Friday, November 10, 2006

List of largest non-nuclear blasts

Wow, I stumbled upon this really interesting wiki page Here are a few of them:
2005 Hertfordshire Oil Storage Terminal fire. On 11 December 2005 there were a series of major explosions at the 60 million gallon (273 million litre) capacity Buncefield oil depot near Hemel Hempstead, Hertfordshire, England. The explosions were heard over 100 miles away, as far as the Netherlands and France, and the resulting flames were visible for many miles around the depot. A smoke cloud covered Hemel Hempstead and other nearby towns in southern Hertfordshire and Buckinghamshire. There were no fatalities, but there were around 43 injuries (two serious). The RAF Fauld Explosion. On November 27, 1944 3,670 tons of bombs exploded in a Royal Air Force underground storage facility, killing 78 (officially) and leaving a crater 400 feet deep by three-quarters of a mile wide. Halifax Explosion. On December 6, 1917 two ships collided in the harbour of Halifax, Nova Scotia, one carrying about 2,600 tons of various explosives, mostly picric acid. After the collision the ship caught on fire, drifted into town and eventually exploded. More than 1,900 people were killed and much of downtown Halifax was destroyed. An evaluation of the explosion's force puts it at 2.9 kt. Delft Explosion. About 40 tons of gunpowder exploded on October 12, 1654, destroying much of the city of Delft in the Netherlands. Over a hundred people were killed and thousands wounded.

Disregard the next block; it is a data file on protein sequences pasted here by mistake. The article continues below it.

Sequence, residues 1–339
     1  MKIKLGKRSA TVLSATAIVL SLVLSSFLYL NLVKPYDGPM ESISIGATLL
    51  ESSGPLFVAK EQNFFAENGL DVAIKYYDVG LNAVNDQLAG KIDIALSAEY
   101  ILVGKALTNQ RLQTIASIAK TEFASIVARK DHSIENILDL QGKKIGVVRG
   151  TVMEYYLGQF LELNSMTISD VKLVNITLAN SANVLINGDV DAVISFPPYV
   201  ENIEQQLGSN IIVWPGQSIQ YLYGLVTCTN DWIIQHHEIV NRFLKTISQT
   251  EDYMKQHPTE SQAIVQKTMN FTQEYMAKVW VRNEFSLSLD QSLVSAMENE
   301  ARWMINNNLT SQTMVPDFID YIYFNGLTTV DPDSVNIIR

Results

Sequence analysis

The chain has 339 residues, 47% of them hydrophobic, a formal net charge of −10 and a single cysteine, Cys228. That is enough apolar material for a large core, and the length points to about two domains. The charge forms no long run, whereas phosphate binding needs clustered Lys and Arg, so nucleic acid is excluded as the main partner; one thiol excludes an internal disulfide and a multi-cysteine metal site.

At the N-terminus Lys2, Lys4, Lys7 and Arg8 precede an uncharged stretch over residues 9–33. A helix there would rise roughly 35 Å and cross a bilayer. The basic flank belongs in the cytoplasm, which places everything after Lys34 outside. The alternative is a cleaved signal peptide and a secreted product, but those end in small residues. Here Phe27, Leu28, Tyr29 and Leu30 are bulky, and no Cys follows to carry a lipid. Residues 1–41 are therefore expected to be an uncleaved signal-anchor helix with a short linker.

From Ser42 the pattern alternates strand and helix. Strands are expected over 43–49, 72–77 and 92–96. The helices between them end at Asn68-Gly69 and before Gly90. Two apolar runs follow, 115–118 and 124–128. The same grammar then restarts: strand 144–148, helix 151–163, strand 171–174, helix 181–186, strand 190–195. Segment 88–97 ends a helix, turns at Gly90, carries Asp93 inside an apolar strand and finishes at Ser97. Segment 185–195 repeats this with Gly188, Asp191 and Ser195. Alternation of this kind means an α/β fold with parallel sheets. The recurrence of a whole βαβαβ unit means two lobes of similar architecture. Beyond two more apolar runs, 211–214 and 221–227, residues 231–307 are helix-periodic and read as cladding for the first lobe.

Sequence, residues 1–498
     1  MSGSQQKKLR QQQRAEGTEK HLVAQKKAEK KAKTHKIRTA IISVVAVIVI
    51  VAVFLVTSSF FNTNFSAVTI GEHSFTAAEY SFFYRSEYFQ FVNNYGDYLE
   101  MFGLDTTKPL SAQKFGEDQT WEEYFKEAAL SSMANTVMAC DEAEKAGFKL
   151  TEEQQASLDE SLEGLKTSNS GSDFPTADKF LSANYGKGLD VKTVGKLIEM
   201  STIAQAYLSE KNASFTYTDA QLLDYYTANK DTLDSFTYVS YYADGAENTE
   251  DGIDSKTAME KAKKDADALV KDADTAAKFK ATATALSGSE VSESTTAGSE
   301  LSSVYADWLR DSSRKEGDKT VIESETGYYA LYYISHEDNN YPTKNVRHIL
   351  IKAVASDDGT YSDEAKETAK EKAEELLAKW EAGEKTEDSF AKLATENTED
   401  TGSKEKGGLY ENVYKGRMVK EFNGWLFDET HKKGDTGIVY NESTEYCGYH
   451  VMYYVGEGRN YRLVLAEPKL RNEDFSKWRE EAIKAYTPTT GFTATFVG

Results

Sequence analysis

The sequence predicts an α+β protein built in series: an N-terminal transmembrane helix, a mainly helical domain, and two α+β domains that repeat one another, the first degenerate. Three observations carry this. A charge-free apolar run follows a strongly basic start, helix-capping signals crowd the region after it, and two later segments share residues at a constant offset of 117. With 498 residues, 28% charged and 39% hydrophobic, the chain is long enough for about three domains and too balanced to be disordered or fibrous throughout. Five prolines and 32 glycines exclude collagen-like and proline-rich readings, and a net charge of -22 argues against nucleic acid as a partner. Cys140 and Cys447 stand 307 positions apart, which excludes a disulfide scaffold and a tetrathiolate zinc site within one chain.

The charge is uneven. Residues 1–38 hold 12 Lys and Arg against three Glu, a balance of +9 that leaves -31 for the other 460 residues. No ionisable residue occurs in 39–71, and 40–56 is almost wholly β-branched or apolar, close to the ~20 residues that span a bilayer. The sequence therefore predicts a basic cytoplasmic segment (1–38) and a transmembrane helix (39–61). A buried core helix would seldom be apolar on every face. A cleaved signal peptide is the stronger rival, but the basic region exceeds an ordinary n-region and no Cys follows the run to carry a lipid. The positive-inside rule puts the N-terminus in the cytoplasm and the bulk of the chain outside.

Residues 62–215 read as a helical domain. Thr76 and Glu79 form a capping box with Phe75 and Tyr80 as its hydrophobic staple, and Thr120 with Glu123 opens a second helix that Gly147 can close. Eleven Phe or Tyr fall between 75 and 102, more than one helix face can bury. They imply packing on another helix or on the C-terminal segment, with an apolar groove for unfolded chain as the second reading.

Battle of Messines, June 7, 1917 Over a period beginning more than a year before the attack, the attackers had tunnelled under the German trenches and planted almost 455 tonnes (1,000,000 lb) of ammonal there. A heavy bombardment of the German positions was initiated and then halted. The defenders returned to their positions expecting an assault to follow. The detonation of the explosives all timed for 3:10am, killed approximately 10,000 German soldiers. It said to have been heard as far away as London and Dublin, and was possibly the loudest man-made noise made up to that date. In Switzerland the explosions registered as an earthquake. The real attack then followed. Not all of the explosives went off. Two of the original 21 mines failed to ignite [1] due to one reason or another. On July 17, 1955, a lightning strike set off one of the remaining mines, the only casualty being a dead cow. The 21st mine is believed to have been found in recent years, but no attempt has been made to remove it. Several large water-filled craters still mark the original positions of the German trenches. "Gentlemen, we may not make history tomorrow, but we shall certainly change the geography." Remark by General Plumer to his staff the evening before the attack